La Cueva Park
Carretera de Arcos, km 6.5, Apartado, 536, Jerez De La Frontera, Costa de la Luz, 11406, Spain
More about Jerez de la Frontera
The inner courtyard.
Typical street sign
Gonzales Byass Bodega, tasting area, Spain
Gonzalez Byass Bodega, Jerez de la Frontera, Spain
Will be in Jerez November 8, but only for the day. Where will I be able to see Flamenco?? I have read a lot about penas but are they open for performances during the day?
Unfortunately Flamenco penas only really get into the groove after 10pm.
No peñas during the day, but you could check with the tourist office near Santo Domingo....the Taberna de Santiago sometimes has a lunchtime show, or there may be something in one of the Sherry Bodegas around town, as part of a guided visit. Barring that, you could visit the Centro Andaluz de Flamenco, where you could watch a Flamenco documentary or browse their extensive video library.
Travel Tips for Jerez de la Frontera
NEW YEAR in Jerez
I spent the new year of 2001 here in Jerez, it was my first New year in Spain so as you can imagine I was in for a few cultural surprises.
After dinner we headed out to find a good bar to celebrate the New year only to discover everything was closed. Shocked and worried we wondered the streets, but the streets were empty. What was going on, where were everyone? What time was it???? Well finally we finally came across a street party and concert in Plaza Arenal (the one with the large horse statue in the middle). There weren't that many people there at that point, but at least we didn't have to celebrate the 12 o'clock bells along wondering the streets!!! Then after 12 the streets filled, bars opened many people wearing ball gowns and tux's appeared!
I later learned that the reason that there were so many people dressed for a ball was that many people pay up to 100€ to celebrate the New Year in a Cotillon. A Cotillon is basically a new year ball and many people ring in the New year here in Spain that way.
Of course not everyone can afford to go to the ball, so what do the rest do if no bars are open? Well, they stay at home with their families. It is traditional here in the south to celebrate the New Year with family then meet up with your friends at about 12:30 to go out to a bar.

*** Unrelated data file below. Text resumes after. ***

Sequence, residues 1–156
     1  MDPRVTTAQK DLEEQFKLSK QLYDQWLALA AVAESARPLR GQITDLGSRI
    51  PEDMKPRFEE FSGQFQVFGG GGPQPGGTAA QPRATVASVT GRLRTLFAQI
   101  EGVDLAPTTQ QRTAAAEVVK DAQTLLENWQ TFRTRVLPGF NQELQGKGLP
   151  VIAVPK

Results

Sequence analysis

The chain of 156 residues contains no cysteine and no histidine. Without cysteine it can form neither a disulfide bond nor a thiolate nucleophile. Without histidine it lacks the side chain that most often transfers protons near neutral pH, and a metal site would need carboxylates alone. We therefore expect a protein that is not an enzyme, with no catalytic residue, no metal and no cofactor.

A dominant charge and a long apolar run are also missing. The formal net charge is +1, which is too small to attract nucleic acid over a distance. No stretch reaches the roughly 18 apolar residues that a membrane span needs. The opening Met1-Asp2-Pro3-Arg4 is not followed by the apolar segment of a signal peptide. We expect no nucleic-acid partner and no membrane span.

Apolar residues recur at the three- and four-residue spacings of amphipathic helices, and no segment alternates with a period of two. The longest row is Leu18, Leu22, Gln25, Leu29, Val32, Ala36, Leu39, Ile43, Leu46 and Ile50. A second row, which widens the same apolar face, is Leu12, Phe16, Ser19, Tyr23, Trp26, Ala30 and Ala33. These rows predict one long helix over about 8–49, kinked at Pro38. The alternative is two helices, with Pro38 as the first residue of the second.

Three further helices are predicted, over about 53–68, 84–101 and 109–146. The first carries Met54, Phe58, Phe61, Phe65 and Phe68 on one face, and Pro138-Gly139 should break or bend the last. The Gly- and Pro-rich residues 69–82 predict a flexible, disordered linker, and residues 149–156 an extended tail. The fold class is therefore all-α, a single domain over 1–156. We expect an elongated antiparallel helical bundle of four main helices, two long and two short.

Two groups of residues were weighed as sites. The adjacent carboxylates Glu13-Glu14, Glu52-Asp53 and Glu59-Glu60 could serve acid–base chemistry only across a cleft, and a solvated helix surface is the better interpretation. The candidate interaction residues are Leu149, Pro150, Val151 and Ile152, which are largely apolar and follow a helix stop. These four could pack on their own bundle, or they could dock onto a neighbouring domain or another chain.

Though of course, bars put up their prices and often charge you to go in.
For those of you who are planning to Spend New year here don't forget your grapes! A great Spanish custom is to shove 12 grapes into your mouth before the bells finish ringing at 12! Don't laugh it is serious! You have to eat them all at once!!! They even spend time pealing the grapes before hand! I never thought it was possible to peal grapes until I saw it done!
By the way the Spanish TV for the run up to 12 is pretty shocking!
Not only is the location great but the tapas are really good. My favorite - timbal de huevo revello de langostinos (1.80). Other dishes: pimentos del piquillo rellonos de satas (1.80 E), atun al amontillado con crema de patatas montada (1.80). It was great watching locals come in order one tapa, one glass of sherry - quickly eat then depart. It's a great people watching - people passing by - loved the father, with his young daughter sitting on the tapas bar, eating. There is a restaurant upstairs but didn't get a chance to try it timbal de huevo revello de langostinos, drench in both an orange and green sauce - a feast for the mouth and the eyes
The cathedral is a beautiful building constructed upon the site the original Main Mosque of Jerez and the old Church of Our Saviour. This 17th century building brings together Gothic, Baroque, and Neo-Classical styles
Monday to Friday · 11 a.m. to 1 p.m. and 6 p.m. to 8 p.m.- Saturdays · 11 a.m. to 2 p.m. and 6 p.m. to 8 p.m.- Sundays · 11 a.m. to 2 p.m.
Jerez Railway Station
Jerez station is wonderful – especially the coloured tiles covering the walls along platform 1. It’s interesting to reflect that in spite of the enormous difference between this and, say, the ironwork of King’s Cross, in a way they embody very similar values and express similar “messages” - local pride, the symbolic value of the station, and the mutually beneficial relationship, as they saw it then, between art and technology. There’s a good cafeteria too, and they're very, very helpful iat the information desk.
(It was here, when asking about trains to Seville, that I realized that many local Spanish trains don’t exist on the Deutsche Bahn website, which is the site The Man In Seat 61 suggests and I normally rely on for all continental train times. For full, up-to-date Spanish timetables you have to go the RENFE site - http://www.renfe.es/horarios/english/index.html)
Royal Andalusian School of Equestrian Art
The Equestrian School is definitely worth visiting even if you know nothing about horses or equestrian skills. This immaculate school trains horses and riders in dressage skills to top class standards. Twice a week in the summer there is a show in the indoor arena where the horses seem to "dance to music". On other days of the week, but not the weekend, you can visit the school and stables.
The show starts with a formal bow to the (usually empty) royal box, but it does set the style. It is excellent and demands considerable skill - watch closely and you can see the intensity on the faces of the less experienced riders - no doubt high standards are expected.
The seats are expensive, ours were 17 euros each and that was in 2003, and they were not the top price. Photographs are not allowed inside, presumably so as not to frighten the horses.
Jerez is Spain's capital as far as horse breeding is concerned. In May there is the "Feria del Caballo" held in Jerez - a colourful parade of horses, riders, carriages and flamenco dress, but also a very serious equestrian event.
(Our visit was in 2003 so it would be worth checking the website for latest times and prices)
Popular Hotels in Jerez de la Frontera
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